Elegant, eloquent, and riveting “Mamootot” from Batsheva Dance
By GUS SOLOMONS JR.
Batsheva Dance Company, Israel’s premier modern troupe, brought a challenging work, made in 2003 by its artistic director and chief choreographer Ohad Naharin, to this season’s Next Wave Festival at BAM.
Eschewing a theater setting, “Mamootot” (mah-MOO-tote) was staged in the James and Martha Duffy Performance Space in the Mark Morris Dance Center across from the opera house November 15 through 27. The audience sat in two rows of folding chairs that lined the four walls of the wide, white, rectangular room, except for the entrance doors on opposite sides. Lighting, designed by Avi Yona Bueno-Bambi, consisted of bright overhead illumination; it remained unchanged throughout the hour-long piece.
In the performance on November 23, female dancer Noa Zouk unceremoniously enters the space and in silence dances a stretchy, sinewy solo of deep knees bends in distorted stances, lunging crawls, and backward loping into forward somersaults. Repeated motifs, like crouching hops across the floor, knit together the non-repeating movement phrases—verse and refrain. The other four women and four men of the cast enter and sit in front row seats, amongst the audience, where they return whenever they’re not dancing. They’re clad uniformly by costume designer Rakefet Levy in gray-toned, zipper-front unitards made of sweat suit fabric, cut off at knee and elbow length; grayish makeup covers the exposed skin on their arms and legs.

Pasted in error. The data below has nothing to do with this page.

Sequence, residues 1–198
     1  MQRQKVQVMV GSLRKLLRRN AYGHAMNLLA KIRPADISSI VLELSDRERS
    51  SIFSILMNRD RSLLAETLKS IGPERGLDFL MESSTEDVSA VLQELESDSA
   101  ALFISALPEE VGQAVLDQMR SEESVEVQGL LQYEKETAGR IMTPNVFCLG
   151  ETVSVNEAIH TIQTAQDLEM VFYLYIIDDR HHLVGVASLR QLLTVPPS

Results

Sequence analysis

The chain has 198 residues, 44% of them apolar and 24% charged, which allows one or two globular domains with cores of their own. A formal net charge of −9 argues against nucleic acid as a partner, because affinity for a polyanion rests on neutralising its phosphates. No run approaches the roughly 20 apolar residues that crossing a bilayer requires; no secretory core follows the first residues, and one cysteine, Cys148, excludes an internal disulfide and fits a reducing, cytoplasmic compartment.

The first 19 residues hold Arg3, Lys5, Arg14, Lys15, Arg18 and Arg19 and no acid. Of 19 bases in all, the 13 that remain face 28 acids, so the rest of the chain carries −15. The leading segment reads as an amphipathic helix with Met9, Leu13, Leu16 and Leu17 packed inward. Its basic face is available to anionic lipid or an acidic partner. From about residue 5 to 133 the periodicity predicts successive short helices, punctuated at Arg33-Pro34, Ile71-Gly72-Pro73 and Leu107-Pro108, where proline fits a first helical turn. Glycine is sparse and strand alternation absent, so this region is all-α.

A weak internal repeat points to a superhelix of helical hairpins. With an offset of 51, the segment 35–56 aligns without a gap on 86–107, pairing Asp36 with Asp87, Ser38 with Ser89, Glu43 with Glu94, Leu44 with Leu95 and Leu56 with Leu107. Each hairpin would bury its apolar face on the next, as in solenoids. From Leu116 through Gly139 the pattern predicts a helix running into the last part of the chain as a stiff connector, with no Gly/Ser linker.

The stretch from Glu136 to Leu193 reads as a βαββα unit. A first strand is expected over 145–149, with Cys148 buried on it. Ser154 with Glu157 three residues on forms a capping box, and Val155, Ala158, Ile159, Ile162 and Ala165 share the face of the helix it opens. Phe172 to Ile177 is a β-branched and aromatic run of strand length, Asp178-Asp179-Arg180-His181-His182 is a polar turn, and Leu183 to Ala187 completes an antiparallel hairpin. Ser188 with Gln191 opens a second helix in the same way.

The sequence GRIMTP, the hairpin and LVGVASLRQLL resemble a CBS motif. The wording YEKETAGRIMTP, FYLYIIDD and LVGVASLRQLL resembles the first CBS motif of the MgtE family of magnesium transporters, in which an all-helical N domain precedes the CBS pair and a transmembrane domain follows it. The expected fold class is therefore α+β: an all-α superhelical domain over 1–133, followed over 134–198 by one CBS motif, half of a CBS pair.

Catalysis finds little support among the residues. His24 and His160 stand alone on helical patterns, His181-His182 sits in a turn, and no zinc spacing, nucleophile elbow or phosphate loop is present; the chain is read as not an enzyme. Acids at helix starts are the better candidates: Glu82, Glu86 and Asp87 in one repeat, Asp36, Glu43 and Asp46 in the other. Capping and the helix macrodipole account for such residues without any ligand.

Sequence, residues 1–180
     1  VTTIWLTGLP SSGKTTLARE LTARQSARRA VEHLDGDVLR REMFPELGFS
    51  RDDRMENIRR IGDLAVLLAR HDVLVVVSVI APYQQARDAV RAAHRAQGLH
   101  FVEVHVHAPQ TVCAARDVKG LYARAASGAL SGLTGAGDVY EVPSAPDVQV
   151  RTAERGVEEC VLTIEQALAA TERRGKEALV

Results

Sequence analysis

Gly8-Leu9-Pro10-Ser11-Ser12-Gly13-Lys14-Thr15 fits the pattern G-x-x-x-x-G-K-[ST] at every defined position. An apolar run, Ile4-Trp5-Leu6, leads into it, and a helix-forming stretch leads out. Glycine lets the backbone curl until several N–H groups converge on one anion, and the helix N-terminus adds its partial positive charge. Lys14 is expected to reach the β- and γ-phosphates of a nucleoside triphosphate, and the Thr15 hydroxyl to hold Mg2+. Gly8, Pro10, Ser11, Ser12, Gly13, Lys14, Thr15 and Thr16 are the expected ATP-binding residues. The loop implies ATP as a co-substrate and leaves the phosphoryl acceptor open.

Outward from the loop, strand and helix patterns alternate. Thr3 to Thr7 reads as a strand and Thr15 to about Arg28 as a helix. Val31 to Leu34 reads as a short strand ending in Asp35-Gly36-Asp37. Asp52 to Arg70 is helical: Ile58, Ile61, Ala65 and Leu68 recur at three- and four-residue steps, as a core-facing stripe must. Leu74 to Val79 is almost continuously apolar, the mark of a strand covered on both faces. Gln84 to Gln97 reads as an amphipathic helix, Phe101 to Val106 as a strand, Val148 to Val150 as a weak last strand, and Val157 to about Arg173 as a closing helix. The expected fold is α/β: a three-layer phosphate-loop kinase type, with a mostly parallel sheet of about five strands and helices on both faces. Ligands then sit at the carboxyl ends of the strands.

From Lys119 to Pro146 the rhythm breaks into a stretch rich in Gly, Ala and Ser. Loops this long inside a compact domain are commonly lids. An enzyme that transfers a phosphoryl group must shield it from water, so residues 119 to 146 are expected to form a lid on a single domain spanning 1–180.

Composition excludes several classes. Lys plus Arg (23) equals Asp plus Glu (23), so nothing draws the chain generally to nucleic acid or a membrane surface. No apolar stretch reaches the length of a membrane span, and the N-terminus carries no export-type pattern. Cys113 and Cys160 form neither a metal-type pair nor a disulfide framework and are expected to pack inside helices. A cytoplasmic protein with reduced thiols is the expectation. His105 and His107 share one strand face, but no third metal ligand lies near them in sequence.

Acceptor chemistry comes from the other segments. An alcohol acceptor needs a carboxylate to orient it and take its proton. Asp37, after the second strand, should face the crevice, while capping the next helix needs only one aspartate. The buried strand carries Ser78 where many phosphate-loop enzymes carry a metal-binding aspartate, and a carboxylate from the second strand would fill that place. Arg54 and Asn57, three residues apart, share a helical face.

Naharin calls his dance “the story of structure and movement, texture, the connection of fatigue, pleasure, and effort with our passion to move.” In a fluent cascade of eccentric motion—arms and hands flailing; extreme poses with skyward thrust legs and impossibly angled torsos; tiptoeing with arms hugging the body and fingers splayed like daggers. The performers show enormous physical and emotional courage; they perform the technically tricky movement without the usual protective separation from spectators, whose close scrutiny constantly challenges their concentration.
Frankie Lievaart’s sound design shuttles from atmospheric electronic purring to blasts of rock music; the sound amplifies Naharin’s dynamic movement contrasts. He skillfully juxtaposes a blatantly presentational phrase for the group, repeated for each side of the audience, next to a mysterious contemplative solo, in which a woman turns glacially like an odalisque on a pedestal. The urgent but unhurried pace forces us to slow our perception and appreciate the twitch of a single digit as much as the virtuosic vehemence of, say, Matan David’s remarkable idiosyncratic tantrum—an obsessive tirade of lightning quick, quirky, and very funny gestural gyrations.
As the ballet evolves, pure abstraction turns emotionally resonant, even sexual. In a nude solo, Stefan Ferry alternately kisses and spits on himself. The solo segues into the first moment of physical contact between dancers—three-quarters of the way through the dance—as he lifts the woman lying at his feet and revolves, wearing a fixed, diabolical grin, and holding her against him.
Toward the end, the dancers walk slowly around the perimeter, making eye contact with each audience member and shaking hands with some, forcing our acknowledgement of the intimacy of their presentation and our complicity in it. Finally, Rachael Osborne and Caroline Boussard’s duet of mutual supporting ends with one woman clasping the other’s elbow in her teeth.
With “Mamootot,” Naharin, ably abetted by his remarkable dancers, reminds us how much more than merely virtuosic entertainment concert dance can be by exploring the essence of the art—movement, stripped of narrative or didactic intent. The richness of Naharin’s movement vocabulary, his choreographic architecture, and the utter commitment of his dancers make the ostensibly simple ballet structurally elegant and philosophically eloquent as well as kinetically riveting.